For years many of us have read about the “burning in the bosom” in Doctrine and Covenants 9:7-9 and interpreted it to mean that Oliver Cowdery, in a failed attempt to perform translation of the Book of Mormon, was being told that he needed to first apply himself to study and work out a tentative translation on his own before getting a “yes, that’s right” answer via the “burning in the bosom.” It’s a model that has been used for decades to explain how revelation works, but is one that may be based on a misreading of scripture and one that might not provide a useful description of how most people experience revelation in their lives. The concept of studying and doing our part in seeking divine guidance is certainly reasonable, but there may be significant gaps in how many understand the context and primary message of Doctrine and Covenants 9:7-9. Of particular importance to me is what this passage probably doesn’t say about how the translation of the Book of Mormon was done.
Stan Spencer offers careful analysis of the revelation in question to help us answer critical questions about revelation (yikes — there I go, accidentally showing that chiasmus can show up by accident, but that’s another story). Leading with a gentle, understated abstract, Stan Spencer begins a vitally important essay in “The Faith to See: Burning in the Bosom and Translating the Book of Mormon in Doctrine and Covenants 9,” Interpreter: A Journal of Mormon Scripture 18 (2016): 219-232:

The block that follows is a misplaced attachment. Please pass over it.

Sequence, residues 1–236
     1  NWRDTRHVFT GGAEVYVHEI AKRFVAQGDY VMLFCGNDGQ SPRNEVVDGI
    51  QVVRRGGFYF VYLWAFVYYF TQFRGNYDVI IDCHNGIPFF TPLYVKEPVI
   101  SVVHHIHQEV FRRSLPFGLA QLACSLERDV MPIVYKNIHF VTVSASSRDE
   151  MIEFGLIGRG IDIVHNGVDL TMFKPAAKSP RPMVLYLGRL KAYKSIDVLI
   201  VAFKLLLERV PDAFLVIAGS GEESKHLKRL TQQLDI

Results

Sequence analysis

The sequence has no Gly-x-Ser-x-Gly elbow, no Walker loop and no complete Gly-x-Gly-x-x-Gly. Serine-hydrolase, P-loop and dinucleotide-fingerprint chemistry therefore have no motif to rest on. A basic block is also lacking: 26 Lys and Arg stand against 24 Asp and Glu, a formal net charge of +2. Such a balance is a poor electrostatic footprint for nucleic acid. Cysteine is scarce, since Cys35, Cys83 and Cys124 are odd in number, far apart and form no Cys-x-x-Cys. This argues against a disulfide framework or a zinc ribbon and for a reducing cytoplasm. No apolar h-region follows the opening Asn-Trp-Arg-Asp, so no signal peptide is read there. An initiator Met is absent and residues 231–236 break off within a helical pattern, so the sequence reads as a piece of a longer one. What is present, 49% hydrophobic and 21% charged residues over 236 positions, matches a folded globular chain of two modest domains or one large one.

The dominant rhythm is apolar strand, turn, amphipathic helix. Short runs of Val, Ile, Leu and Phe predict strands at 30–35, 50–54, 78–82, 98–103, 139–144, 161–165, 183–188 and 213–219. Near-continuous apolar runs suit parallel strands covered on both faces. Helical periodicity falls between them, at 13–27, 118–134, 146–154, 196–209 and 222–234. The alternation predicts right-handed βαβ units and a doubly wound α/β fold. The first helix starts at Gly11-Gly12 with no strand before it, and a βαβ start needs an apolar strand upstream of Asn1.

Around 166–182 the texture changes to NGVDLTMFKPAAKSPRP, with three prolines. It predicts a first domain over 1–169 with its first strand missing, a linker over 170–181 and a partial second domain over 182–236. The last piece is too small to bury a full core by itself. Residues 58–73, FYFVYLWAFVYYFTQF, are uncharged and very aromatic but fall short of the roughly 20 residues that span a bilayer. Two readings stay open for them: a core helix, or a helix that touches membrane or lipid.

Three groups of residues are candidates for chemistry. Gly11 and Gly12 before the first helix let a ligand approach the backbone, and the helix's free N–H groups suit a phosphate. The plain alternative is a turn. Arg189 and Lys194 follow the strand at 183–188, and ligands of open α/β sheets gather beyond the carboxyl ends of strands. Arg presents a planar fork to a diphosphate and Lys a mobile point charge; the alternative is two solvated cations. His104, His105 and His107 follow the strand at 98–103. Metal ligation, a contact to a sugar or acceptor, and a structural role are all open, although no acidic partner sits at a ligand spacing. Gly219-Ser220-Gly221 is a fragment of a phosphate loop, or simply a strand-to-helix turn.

Abstract: Doctrine and Covenants 9:7–9 is conventionally interpreted as the Lord’s description of the method by which the Book of Mormon was translated. A close reading of the entire revelation, however, suggests that the Lord was not telling Oliver Cowdery how to translate but rather how to know whether it was right for him to translate and how to obtain the faith necessary to do so. Faith would have enabled Oliver Cowdery to overcome his fear and translate, just as it would have enabled Peter (in Matthew 14) to overcome his fear and walk on water.
Spencer’s mention of faith is based in part on verses in the preceding section, where we learn of Oliver’s desire to also translate the Book of Mormon. In response, the Lord tells him this:
Remember that without faith you can do nothing; therefore ask in faith. Trifle not with these things; do not ask for that which you ought not. Ask that you may know the mysteries of God, and that you may translate … and according to your faith shall it be done unto you. (Doctrine and Covenants 8:10–11).